A rally-killing double play. An anxious strikeout. Boos. A first-pitch comebacker. More boos.
Tepid applause before he stepped in as the tying run in the eighth inning of Friday night's American League wild-card game, one last chance at the redemption that never came. Three pitches. Two swings. One more strikeout. Louder boos.
Throughout the 5-1 loss to Baltimore — the game that cost the Rangers their season, the game they weren’t supposed to play — Hamilton heard it from the fans in left field, the ones who literally have been behind him for five years. They didn’t boo. That would have been easier to take. They used words, the hurtful ones, the kind he’s heard for years — on the road.
How bad did it get? “Bad,” Hamilton said. He didn’t go into detail, but it was apparent the words stung. He insisted he would shake them off, because that’s what the Bible tells him to do. Hamilton cites scripture frequently. But this verse — Matthew 10:14 — sounded like a sorrowful goodbye.
“If they don’t receive you in a town,” he said, paraphrasing the Bible, “shake the dust off your feet and move to the next.”
For months, baseball observers have wondered if Hamilton will re-sign with Texas once he becomes a free agent after the final out of the World Series. Now we have the answer.
“I’m not saying that’ll happen, but you know what? It’s just — I’ve enjoyed it here, guys,” Hamilton said, stopping himself from going further. “I’ve loved my teammates. They’ve helped me grow. The coaching staff has helped me grow as a player. I wasn’t fortunate enough to have minor-league years to grow. Some of these years have been dealing with that, learning how to play the game.
“It’s been a lot of fun.”
At another point in his postgame remarks, Hamilton pegged the likelihood of his return at “50-50.” He said the chances are “the same” as if he hadn’t been booed, that he’ll give the Rangers the “first shot” and an opportunity to match any offer he receives. He said again Friday that prayer will guide his choice. But it is obvious where this is going. The emphatic defeat, the early winter, the public adulation turned to contempt — all are signs that it’s time for both parties to move on.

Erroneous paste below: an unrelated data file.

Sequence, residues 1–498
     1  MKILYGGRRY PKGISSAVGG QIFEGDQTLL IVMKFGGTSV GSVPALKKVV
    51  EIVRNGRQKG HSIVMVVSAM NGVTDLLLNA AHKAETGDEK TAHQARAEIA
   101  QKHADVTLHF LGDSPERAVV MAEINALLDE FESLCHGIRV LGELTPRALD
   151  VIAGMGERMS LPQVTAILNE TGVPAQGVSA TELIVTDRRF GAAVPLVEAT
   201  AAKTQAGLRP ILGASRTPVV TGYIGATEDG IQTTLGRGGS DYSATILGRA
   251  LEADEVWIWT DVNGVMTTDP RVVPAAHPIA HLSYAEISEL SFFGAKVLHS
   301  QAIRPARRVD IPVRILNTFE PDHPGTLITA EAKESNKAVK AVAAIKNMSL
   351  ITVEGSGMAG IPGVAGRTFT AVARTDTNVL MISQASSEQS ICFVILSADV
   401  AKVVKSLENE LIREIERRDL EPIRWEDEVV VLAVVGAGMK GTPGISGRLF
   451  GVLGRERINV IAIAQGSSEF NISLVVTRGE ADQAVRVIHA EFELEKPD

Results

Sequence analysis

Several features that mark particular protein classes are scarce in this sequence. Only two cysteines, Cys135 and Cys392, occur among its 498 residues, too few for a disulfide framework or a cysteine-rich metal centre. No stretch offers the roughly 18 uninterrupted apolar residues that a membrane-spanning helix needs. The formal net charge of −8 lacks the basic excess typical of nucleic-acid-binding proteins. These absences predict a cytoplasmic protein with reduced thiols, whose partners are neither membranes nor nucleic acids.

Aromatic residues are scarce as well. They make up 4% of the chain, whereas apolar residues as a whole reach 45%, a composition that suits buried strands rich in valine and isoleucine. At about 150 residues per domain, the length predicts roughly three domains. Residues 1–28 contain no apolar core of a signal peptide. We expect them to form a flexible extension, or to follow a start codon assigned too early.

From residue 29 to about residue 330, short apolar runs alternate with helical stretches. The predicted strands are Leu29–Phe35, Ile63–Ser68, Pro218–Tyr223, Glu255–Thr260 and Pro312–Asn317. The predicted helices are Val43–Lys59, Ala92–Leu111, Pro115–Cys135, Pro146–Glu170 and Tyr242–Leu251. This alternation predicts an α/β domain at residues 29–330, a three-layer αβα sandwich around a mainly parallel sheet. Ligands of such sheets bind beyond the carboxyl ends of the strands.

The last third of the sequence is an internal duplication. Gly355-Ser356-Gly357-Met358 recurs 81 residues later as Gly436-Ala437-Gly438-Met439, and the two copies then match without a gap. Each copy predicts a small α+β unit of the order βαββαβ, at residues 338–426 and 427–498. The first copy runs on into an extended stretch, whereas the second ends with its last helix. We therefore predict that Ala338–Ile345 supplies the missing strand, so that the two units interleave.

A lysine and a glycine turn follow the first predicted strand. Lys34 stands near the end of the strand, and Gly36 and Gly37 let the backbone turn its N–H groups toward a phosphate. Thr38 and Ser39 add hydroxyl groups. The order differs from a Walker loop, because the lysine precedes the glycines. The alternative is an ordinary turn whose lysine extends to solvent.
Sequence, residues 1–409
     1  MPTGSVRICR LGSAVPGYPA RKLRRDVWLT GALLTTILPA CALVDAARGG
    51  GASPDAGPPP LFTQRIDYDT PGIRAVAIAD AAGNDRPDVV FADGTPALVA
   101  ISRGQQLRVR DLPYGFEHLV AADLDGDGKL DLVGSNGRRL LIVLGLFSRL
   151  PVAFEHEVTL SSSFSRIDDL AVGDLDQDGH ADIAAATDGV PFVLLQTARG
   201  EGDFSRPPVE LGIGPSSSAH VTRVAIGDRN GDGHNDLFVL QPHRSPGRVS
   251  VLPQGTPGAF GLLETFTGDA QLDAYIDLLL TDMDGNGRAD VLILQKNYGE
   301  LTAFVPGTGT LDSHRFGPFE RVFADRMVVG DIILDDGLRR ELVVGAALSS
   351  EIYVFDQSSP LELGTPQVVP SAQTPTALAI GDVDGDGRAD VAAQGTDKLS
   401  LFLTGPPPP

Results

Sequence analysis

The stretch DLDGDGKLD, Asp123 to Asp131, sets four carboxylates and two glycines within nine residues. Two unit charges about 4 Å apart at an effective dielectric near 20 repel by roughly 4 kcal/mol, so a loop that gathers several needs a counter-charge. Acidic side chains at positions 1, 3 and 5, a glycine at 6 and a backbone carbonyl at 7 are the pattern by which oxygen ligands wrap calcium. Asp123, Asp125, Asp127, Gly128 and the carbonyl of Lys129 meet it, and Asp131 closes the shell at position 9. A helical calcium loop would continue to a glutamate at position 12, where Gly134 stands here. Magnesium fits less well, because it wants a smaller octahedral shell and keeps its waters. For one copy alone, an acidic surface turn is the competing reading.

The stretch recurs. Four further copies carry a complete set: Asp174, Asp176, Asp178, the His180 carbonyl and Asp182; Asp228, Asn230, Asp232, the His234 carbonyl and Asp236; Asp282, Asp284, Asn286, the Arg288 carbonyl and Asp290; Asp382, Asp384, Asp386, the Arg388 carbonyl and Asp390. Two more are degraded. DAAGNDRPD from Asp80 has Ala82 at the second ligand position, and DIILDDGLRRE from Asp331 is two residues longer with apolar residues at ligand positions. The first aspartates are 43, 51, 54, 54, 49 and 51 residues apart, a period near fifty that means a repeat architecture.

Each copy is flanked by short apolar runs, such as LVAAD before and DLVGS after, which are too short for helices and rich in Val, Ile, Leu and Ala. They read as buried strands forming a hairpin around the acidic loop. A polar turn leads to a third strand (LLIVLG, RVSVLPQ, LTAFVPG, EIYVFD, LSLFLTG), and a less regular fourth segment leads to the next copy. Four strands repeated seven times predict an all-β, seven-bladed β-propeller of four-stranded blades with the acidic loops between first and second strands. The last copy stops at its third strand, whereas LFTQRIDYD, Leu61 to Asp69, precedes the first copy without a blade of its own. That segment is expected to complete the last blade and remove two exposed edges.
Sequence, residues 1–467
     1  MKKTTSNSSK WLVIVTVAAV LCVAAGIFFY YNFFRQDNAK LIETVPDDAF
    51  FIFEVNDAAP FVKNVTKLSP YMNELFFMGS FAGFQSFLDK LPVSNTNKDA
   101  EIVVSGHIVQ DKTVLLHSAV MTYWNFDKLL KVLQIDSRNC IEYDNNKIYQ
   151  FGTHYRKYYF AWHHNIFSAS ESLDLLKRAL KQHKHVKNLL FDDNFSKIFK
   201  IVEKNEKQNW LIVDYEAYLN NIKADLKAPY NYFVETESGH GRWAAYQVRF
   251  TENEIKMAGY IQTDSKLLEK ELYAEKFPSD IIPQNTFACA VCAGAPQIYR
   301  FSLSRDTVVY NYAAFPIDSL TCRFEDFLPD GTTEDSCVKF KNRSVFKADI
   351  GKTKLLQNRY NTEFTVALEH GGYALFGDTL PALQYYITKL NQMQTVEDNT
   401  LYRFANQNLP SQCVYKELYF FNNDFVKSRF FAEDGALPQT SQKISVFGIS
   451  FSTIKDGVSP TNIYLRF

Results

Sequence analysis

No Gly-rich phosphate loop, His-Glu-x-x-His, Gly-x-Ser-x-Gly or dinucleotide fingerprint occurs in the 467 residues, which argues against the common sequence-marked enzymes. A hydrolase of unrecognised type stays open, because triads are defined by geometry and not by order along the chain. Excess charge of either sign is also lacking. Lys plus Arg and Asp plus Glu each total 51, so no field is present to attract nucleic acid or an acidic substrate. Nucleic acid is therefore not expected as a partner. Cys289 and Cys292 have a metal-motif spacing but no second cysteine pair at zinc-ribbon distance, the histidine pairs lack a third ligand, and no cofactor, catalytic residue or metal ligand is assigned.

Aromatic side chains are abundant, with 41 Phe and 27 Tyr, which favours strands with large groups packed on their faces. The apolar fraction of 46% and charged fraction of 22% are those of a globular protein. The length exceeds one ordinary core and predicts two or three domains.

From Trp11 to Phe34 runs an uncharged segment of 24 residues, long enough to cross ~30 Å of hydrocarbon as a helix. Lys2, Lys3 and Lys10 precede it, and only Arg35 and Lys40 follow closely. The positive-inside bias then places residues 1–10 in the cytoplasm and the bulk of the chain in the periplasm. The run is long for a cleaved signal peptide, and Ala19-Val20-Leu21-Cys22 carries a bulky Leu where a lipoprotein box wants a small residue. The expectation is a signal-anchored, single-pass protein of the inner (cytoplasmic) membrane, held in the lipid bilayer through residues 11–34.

This isn’t an indictment of Hamilton or the Rangers. Together, they’ve been one of the best shows in baseball over the past five seasons. Hamilton has inspired thousands — perhaps millions — through his onfield triumphs after drug addiction nearly cost him his career. He won an American League MVP award. The Rangers claimed their first two pennants.
The memories will endure. The marriage is ending.
Asked if he thought, prior to the eighth-inning at-bat, that it might be his last as a Ranger, Hamilton replied, “You think about it. You do. Then the boos slowly drown it out, which is part of the game. It doesn’t matter if I play here or somewhere else. You’d like to think it wouldn’t happen here, but it does.”
Was the booing deserved?
“Well, personally, myself, (it) never would matter how high I was, if I went to a sporting event, I would never boo somebody or yell obscenities at somebody,” he said. “That’s just me.”
It’s not that Hamilton had a poor season. Actually, his statistics were excellent. He established a career high with 43 home runs — one behind Triple Crown winner Miguel Cabrera. He ranked second in the AL with 128 RBI. He had a four-homer game — against the Orioles — May 8 at Camden Yards. Despite ongoing questions about his durability, Hamilton played 148 games, second-most in his career.